Only twelve issues of The Week were produced under Roberts’ editorship, but they contain some of the most interesting material to appear in that publication before it folded several years later. Given his personal interests, it is not surprising that Roberts devoted a lot of space to poetry—as much as he dared, perhaps, since Smith was known to be indifferent to contemporary verse. It is particularly noteworthy that he published the first poem by Bliss Carman and the second poem by Archibald Lampman ever to appear outside a college journal. The third issue contains his own poem, “Westmorland Revisited,” which was likely written sometime in the summer of 1883. Under a new title, “Tantramar Revisited,” it would be the most accomplished piece in his next collection of poetry, if not the most outstanding poem of his career.
Roberts was now unemployed; but, having obtained the rest of the year’s salary as severance pay, his situation was not immediately desperate. During a trip to New York City, he made some promising contacts, but found no job prospects. At the end of the summer, no longer being able to maintain a household in Toronto, he took May and the baby to live with his parents in the rectory in Fredericton before setting off for Ottawa to check out the possibility of landing something in the civil service. He had an interview with Sir Leonard Tilley, a fellow New Brunswicker and Minister of Finance in Macdonald’s government, who gave him his blessing without promising any employment. He was more successful socially, being invited to several lively parties where he was asked to read his poetry to enthusiastic (and predominantly female) audiences. He also renewed his acquaintance with Lampman through whom he met Duncan Campbell Scott for the first time. He returned to Fredericton for the birth of his second son, Lloyd, born on Hallowe’en, but left soon afterwards to try his luck again in Toronto. He ran out of money before anything turned up, and had to borrow from his father-in-law and his cousin Bliss to pay his board bill and buy a ticket home.
Too poor to do any more traveling, he remained at the rectory in Fredericton with May and their two children throughout the winter, dependent upon his parents’ charity since he was unable support his family on his minuscule income from freelance writing. To make matters worse, he suffered for many weeks from a bout of diphtheria. Happily, the coming of spring brought the good news that King’s College in Windsor, Nova Scotia, had accepted his application for a teaching position. Beginning in the fall term of 1885, he would start his appointment as professor of English and economics, and as a temporary replacement during the French professor’s absence. Hoping to supplement his salary of $1,000 with his writing, he stipulated that all his classes should be held in the mornings to allow uninterrupted time for creative work in the afternoons and evenings.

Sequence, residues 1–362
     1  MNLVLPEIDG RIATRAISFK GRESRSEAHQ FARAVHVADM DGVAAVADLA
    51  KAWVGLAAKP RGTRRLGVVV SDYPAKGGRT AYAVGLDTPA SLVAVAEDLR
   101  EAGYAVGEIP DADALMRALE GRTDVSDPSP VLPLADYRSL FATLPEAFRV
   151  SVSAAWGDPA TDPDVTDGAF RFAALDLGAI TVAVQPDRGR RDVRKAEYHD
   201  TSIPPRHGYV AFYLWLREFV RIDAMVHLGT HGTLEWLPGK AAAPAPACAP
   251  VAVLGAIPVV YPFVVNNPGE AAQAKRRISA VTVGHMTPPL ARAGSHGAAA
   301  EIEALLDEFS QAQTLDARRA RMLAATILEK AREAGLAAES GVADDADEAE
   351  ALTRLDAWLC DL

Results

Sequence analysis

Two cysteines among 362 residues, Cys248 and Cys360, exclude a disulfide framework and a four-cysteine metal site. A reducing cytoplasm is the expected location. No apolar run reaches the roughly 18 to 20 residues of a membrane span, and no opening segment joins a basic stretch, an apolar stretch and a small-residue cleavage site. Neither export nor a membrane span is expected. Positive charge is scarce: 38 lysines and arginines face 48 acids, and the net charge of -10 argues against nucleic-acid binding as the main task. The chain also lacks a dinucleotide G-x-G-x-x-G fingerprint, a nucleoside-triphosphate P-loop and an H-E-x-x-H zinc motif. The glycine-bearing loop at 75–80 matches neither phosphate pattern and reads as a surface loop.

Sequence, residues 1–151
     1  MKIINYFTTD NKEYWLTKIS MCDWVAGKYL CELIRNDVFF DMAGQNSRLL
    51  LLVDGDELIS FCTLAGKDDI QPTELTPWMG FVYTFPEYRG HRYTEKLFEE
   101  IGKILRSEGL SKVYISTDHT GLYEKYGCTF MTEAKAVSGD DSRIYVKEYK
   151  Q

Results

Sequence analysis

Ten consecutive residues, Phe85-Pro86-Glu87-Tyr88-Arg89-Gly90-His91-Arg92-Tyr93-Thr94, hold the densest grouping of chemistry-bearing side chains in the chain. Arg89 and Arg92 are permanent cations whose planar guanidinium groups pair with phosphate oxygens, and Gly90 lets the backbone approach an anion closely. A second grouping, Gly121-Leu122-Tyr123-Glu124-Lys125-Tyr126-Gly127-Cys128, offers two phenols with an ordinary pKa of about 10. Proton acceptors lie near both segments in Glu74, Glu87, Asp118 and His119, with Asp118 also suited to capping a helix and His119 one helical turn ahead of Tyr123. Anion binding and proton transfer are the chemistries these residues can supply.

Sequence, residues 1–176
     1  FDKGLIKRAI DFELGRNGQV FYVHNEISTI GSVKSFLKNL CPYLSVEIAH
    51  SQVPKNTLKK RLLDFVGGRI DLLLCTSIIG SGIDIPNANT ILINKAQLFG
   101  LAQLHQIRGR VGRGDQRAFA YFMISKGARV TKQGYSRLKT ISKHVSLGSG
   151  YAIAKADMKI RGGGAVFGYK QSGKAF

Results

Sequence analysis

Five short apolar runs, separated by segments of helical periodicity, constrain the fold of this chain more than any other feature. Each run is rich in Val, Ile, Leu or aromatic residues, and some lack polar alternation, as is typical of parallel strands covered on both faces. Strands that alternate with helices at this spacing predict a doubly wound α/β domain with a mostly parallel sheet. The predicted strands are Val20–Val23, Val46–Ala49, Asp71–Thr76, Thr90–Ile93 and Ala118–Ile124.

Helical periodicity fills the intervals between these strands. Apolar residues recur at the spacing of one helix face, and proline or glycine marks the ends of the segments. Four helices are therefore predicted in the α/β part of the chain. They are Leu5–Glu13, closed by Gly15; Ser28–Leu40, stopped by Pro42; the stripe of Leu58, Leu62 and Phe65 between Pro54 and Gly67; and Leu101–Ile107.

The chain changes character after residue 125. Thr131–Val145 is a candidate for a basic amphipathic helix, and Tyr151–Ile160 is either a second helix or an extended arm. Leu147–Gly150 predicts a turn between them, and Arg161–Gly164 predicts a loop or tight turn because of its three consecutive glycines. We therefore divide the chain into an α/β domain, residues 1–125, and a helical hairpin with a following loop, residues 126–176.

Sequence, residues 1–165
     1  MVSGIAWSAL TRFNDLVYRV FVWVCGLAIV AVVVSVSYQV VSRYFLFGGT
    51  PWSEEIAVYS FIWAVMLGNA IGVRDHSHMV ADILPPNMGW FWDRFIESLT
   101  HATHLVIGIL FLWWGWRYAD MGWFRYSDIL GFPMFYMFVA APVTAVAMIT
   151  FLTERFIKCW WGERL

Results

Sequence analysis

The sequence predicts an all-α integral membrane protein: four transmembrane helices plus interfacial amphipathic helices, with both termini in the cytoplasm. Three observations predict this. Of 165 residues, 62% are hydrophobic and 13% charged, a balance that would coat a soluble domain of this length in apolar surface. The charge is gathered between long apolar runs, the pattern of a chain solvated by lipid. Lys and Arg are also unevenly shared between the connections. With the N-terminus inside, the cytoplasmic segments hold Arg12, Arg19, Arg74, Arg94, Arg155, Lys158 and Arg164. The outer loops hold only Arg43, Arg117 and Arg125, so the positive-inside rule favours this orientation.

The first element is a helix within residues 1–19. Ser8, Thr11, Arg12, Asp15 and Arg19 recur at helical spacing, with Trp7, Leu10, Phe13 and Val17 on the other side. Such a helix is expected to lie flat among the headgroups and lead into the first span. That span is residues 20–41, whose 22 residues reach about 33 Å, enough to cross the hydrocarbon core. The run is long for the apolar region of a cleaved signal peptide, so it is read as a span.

Because there were no married quarters available during Roberts’ first year at King’s, May and their two small sons remained in Fredericton. Never being a man of all work and no play, he entered enthusiastically into whatever social life Windsor had to offer, feeling like a bachelor again and probably ready for some mild flirtations. Back in Toronto, he had already had at least one brief extra-marital fling for which he suffered pangs of remorse. In spite of their incompatibility, he still cared for May. His visit home during the Christmas holiday was a happy reunion. When he returned to Kings in January, 1886, May was pregnant with their third child. Daughter Edith was born in September and in due course, after a suitable house had been completed for them on the edge of the college woods, father and family were reunited in Windsor where Douglas, their fourth and final child, was born in 1888. Life in their new home, christened Kingscroft, continued with outward stability although Roberts, now sporting a rakish Louis Quinze mustache instead of a beard, was diverted by several affairs, two of which took on serious proportions. One with Maud Clark, hired as a governess and part-time secretary, was conducted discreetly right under May’s nose without arousing her suspicions. The other involved a young artist named Jean Carré, who nearly persuaded him to run off to Italy with her before he came to his senses.